The availability of only two randomised controlled trials limited calculation of effect sizes. More so, there was only one study that directly compared decompressive surgery and exercise for LSS [10
]. Ideally, this review would have limited its study inclusion criteria to randomised controlled trials and therefore represent a collation of the highest level of evidence. Given the sparseness of high level evidence in this topic, the methodology of this systematic review was modified to include lower levels of evidence. This systematic review of current best available evidence is therefore able to provide useful information to inform clinical practice and future research.
Implications for clinical practice
Due to the heterogeneity of the land based exercise interventions and numerous co-interventions reported in the included literature, this systematic review is not able to provide guidance as to whether certain types of exercise (mode, intensity, duration, location) are more effective in managing patients with LSS. It is however apparent from the randomised clinical trials that investigated numerous exercise interventions that there were statistically significant improvements (p
< 0.05) within each group relative to baseline, but no significant differences between groups when different interventions were compared. The authors would suggest that the literature therefore supports a broad approach to exercise interventions rather than supporting a particular exercise type. This review supports the findings of previously reported literature that a trial of conservative management with land based exercise be considered [10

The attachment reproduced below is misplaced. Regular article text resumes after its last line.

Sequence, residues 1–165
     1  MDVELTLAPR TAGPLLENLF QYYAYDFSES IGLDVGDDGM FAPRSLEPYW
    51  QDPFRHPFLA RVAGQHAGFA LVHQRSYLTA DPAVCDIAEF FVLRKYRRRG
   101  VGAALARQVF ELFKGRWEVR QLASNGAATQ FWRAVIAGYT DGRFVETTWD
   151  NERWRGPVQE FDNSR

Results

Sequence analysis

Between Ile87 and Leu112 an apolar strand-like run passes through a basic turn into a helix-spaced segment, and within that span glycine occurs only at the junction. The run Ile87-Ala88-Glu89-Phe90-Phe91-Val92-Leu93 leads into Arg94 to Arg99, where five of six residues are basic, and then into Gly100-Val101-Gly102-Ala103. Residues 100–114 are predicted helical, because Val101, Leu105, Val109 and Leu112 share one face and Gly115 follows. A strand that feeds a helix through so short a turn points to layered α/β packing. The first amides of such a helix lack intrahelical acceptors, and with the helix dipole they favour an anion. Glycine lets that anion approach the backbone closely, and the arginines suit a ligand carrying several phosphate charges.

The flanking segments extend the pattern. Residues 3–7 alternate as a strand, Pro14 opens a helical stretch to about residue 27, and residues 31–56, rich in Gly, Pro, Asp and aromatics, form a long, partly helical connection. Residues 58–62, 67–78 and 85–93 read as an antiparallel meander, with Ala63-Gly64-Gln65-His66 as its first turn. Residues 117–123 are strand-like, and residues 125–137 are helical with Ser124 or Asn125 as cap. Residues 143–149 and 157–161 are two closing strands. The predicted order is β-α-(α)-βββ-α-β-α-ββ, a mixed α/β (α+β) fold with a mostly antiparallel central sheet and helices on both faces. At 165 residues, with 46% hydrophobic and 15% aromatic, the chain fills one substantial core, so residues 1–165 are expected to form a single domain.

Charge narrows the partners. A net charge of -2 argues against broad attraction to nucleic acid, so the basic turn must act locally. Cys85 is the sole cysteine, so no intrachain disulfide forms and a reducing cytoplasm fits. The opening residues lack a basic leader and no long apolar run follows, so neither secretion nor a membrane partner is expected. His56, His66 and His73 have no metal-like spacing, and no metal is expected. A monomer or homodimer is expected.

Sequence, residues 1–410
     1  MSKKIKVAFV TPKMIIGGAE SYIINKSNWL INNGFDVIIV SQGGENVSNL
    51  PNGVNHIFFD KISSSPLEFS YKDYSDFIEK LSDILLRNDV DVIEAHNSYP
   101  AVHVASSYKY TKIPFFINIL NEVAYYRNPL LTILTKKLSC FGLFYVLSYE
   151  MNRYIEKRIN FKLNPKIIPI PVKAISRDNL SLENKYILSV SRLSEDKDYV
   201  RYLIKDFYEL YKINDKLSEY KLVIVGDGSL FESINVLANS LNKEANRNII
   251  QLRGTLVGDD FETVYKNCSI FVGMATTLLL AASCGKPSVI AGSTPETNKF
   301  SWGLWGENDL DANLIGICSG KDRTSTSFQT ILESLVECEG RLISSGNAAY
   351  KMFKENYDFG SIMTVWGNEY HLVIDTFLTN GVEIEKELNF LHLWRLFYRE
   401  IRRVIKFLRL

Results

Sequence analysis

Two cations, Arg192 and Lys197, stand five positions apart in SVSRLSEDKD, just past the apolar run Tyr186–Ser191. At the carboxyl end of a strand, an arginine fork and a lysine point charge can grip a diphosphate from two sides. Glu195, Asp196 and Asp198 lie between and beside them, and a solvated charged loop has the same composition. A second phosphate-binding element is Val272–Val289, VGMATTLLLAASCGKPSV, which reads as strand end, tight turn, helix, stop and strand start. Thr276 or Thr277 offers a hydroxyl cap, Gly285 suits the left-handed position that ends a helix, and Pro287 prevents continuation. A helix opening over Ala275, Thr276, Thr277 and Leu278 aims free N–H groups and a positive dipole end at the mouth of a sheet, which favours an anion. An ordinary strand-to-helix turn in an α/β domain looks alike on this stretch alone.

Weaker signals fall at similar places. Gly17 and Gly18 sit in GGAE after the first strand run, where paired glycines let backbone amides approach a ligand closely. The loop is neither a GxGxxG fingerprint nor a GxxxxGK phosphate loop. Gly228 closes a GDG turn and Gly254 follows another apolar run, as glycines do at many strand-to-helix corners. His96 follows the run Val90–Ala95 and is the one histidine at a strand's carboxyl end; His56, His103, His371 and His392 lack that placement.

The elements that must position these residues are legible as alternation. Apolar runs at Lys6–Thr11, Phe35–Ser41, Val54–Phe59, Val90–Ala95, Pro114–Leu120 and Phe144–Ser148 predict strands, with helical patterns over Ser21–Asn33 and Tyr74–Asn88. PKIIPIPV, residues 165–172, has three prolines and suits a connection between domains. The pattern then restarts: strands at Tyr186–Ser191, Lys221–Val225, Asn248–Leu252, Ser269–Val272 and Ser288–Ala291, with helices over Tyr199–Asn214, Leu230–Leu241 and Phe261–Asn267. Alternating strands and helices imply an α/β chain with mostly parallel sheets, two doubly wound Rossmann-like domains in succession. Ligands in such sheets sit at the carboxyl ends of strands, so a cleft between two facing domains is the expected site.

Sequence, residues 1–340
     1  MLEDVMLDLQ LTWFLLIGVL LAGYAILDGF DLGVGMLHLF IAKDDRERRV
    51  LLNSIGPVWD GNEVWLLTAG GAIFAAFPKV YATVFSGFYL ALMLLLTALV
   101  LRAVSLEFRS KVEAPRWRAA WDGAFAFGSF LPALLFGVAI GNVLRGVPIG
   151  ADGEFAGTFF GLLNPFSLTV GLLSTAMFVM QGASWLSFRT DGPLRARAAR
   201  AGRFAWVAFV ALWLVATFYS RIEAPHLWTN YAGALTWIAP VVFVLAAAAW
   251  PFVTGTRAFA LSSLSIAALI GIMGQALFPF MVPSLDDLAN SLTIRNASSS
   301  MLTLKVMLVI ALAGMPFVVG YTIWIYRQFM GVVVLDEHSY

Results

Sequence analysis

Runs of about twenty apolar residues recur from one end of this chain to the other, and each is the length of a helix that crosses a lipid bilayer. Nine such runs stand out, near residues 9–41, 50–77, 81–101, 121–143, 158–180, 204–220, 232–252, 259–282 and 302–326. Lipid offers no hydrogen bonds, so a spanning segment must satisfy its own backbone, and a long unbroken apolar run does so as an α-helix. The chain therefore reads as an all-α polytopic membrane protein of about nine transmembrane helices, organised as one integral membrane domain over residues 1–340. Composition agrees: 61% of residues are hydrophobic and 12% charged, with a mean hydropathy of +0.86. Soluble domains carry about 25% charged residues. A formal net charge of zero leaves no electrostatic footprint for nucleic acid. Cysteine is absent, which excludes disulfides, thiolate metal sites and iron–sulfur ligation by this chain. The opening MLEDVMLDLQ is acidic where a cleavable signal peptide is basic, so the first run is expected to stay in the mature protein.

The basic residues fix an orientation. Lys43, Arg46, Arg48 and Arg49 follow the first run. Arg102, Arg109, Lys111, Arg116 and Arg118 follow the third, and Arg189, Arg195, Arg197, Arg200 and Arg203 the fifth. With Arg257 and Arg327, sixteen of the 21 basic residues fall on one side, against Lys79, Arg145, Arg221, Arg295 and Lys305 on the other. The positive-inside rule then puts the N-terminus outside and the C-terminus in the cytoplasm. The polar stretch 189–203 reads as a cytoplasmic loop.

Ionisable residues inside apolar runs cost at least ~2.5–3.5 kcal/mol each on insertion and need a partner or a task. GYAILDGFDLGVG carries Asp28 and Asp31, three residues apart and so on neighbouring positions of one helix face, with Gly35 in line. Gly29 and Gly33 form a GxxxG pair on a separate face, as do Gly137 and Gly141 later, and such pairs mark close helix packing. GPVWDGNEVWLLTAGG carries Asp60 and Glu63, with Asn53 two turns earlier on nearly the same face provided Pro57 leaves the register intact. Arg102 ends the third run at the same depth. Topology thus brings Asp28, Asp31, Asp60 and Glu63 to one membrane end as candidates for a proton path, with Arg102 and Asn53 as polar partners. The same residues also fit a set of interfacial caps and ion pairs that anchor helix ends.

Implications for research
Further research of land based exercise interventions for LSS would benefit from more accurate descriptions of intervention, including type, duration and intensity. Co-interventions should also be minimised. Future research should also continue to embrace the use of reliable and valid outcome measures.
More consistent follow-up through to 2-years would provide valuable insights as to whether the smaller initial gains reported with exercise are maintained. Analysis of subgroups within exercise interventions as to predictors of good and poor response, such as outcome measure score, age or walking distance, would assist with understanding which LSS patients may more readily benefit from land based exercises. Understanding of subgroups may also assist in determining patients that may benefit from other management options, including surgery.
Ideally further research in this patient group would directly compare decompressive surgery and conservative management with land based exercise, with the addition of a control group. However, as demonstrated by Weinstein's review [33
], the challenges of implementing a randomised controlled study design of sufficient power, with long term follow-up is limited by both subject non-adherence to randomisation and the ethical considerations around use of a true control group.